The Federal Court of Appeal has determined that Guy Laliberté's trip to the International Space Station – which came with what the court called a “once-in-a-lifetime” price tag of $41.8-million – was largely personal, making it a taxable benefit and not a business expense.
The Cirque du Soleil founder spent 12 days in space and on the ISS in 2009, while he was still the controlling shareholder of the Montreal-based live entertainment company. Mr. Laliberté first paid for the trip through a personal holding company but later charged all but $4-million of the cost to Creations Meandres, the top operating company of Cirque du Soleil.
Mr. Laliberté had long harboured an interest in space travel; the trip with U.S. private space tourism company Space Adventures Ltd. was the fulfillment of a childhood dream. But he took the position that the endeavour was a “stunt-type promotional activity” meant to highlight the Cirque’s operations, including its 25th anniversary and its opening in Russia. During the voyage, he also conducted a worldwide broadcast as a benefit for One Drop Foundation, a clean water charity.
In a 2014 tax reassessment, the Canada Revenue Agency challenged his characterization of the cost as a business expense, calling it instead a shareholder benefit that added about $38-million to his 2009 income. Mr. Laliberté appealed, but the Tax Court of Canada ruled in 2018 that the purpose of the space trip was “overwhelmingly personal.” The court ruled he received a shareholder benefit from the trip and determined its value was about 90 per cent of the total cost, or $37.6-million.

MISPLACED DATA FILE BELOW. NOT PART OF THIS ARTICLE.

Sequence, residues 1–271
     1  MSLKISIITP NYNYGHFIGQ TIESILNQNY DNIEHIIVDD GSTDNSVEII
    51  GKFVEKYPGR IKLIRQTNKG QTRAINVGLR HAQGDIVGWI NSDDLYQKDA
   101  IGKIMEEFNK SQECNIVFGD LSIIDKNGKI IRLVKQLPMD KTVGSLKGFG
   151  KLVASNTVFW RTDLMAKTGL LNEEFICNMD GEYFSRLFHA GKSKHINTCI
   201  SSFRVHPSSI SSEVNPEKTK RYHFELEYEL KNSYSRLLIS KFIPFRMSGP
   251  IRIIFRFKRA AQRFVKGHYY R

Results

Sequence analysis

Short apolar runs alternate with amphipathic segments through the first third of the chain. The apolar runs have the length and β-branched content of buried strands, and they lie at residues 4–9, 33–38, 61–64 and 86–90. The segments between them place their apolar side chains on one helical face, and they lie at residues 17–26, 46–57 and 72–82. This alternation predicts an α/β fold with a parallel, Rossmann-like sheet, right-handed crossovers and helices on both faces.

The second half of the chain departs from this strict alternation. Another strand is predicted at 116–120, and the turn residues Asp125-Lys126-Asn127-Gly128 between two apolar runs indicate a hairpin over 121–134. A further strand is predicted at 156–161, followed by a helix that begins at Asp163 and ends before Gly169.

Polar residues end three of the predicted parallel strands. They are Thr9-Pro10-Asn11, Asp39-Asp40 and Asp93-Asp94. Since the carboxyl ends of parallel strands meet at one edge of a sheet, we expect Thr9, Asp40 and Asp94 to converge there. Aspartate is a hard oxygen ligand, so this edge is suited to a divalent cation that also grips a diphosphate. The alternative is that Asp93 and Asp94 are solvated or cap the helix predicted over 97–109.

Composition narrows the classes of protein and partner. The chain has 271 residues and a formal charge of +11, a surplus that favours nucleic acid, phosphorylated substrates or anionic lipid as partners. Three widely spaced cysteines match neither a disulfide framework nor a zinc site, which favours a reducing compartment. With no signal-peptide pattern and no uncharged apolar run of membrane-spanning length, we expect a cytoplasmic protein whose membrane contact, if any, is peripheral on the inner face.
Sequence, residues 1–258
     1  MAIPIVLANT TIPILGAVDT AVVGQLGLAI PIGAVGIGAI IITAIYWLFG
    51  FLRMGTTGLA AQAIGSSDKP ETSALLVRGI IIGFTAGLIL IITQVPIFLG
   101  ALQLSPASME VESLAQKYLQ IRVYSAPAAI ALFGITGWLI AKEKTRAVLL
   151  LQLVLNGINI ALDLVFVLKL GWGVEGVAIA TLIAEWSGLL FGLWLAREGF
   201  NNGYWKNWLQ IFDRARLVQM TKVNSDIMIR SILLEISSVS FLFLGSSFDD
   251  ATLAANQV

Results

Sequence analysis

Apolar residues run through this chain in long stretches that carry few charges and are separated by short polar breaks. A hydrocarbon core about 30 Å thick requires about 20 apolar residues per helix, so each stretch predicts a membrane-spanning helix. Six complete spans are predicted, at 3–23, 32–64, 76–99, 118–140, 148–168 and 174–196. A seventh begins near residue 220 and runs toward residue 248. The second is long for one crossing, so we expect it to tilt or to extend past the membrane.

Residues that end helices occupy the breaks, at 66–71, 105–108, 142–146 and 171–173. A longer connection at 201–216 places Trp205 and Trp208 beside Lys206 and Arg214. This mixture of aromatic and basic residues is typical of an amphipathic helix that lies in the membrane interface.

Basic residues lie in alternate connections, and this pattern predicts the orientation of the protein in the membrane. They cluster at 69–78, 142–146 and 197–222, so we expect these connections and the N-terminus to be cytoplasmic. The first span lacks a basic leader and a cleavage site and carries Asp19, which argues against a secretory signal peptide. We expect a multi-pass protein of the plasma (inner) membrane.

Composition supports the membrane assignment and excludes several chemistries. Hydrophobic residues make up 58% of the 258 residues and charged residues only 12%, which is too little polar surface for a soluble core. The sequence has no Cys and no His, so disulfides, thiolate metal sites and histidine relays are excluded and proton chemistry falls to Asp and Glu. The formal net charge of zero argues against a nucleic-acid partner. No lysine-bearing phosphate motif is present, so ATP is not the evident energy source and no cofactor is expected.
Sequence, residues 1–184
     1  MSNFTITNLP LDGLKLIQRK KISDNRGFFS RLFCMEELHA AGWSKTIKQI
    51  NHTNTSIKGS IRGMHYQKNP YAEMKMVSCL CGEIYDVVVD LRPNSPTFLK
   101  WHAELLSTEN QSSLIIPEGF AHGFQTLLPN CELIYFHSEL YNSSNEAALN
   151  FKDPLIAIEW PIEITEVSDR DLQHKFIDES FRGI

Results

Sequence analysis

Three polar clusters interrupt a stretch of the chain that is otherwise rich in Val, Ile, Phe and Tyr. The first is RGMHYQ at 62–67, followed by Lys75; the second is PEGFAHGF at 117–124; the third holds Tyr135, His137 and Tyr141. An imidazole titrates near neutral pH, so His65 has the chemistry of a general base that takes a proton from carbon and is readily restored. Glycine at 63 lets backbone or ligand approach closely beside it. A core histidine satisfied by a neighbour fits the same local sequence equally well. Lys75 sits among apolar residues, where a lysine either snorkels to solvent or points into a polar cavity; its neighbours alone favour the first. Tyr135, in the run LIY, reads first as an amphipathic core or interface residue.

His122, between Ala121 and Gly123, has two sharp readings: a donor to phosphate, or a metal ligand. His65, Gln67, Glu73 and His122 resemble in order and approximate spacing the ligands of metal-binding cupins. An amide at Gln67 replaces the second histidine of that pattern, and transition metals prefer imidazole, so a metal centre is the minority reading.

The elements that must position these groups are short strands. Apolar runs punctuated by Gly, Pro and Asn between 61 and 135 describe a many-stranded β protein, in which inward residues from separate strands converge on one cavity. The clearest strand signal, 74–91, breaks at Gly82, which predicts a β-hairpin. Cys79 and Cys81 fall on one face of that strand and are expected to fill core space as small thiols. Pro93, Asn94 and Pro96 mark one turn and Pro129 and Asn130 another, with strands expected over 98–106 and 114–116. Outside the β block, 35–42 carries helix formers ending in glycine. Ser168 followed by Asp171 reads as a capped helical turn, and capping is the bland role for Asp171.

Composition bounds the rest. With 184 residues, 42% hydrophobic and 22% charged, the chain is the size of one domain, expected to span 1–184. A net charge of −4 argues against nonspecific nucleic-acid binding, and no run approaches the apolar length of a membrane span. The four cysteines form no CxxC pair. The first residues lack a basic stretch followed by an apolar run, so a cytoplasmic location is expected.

Mr. Laliberté appealed, but the Federal Court of Appeal on Friday dismissed his case.
“We are disappointed with the outcome of the appeal, though this decision will not give rise to any additional tax liability, as the related tax had been paid several years ago,” Anne Dongois, a spokeswoman for Mr. Laliberté, said Monday. She added that he does not plan to appeal.
Justice Mary Gleason, writing unanimous reasons for the three-judge panel that heard the appeal in December, pointed to 27 facts that she relied upon to conclude the trip was personal.
Those included Mr. Laliberté's childhood interest in space and reference to himself as a “space tourist” in a documentary made about the trip, the fact that it was never a possibility for another Cirque du Soleil official or employee to travel in his stead, that the live charity broadcast was not confirmed to occur until shortly before the mission and the fact that “the CFO did not suggest that any thought was given as to the value to Cirque du Soleil of the space trip before it was completed.”
Justice Gleason compared the case to another in which a shareholder purchased a condominium for both personal use and to occasionally entertain business clients. In that instance, the court concluded the expense was overwhelmingly personal and the judge said the facts supported a similar conclusion in the Laliberté case.
“Central among the relevant facts in support of such a conclusion are the Tax Court’s findings that the appellant would have travelled to the ISS, even if it had not been possible to conduct the live broadcast ... [and] the fact that the Cirque corporations did not authorize the expenditure and were instead presented with a fait accompli, after the appellant had already committed to taking the trip.”
In a statement, Mr. Laliberté's spokeswoman quoted a passage from the lower-court ruling in which the judge said the businessman "genuinely intended that he would use his time on the trip to promote Cirque du Soleil, and himself as its most recognizable public representative, to enhance the value of his business.”
“On appeal before the Federal Court of Appeal, Guy Laliberté argued that, despite the personal satisfaction he derived from the space trip, such intention to enhance the value of Cirque du Soleil while promoting the objects of the One Drop Foundation was determinative in applying the legal test for shareholder benefits,” Ms. Dongois said.
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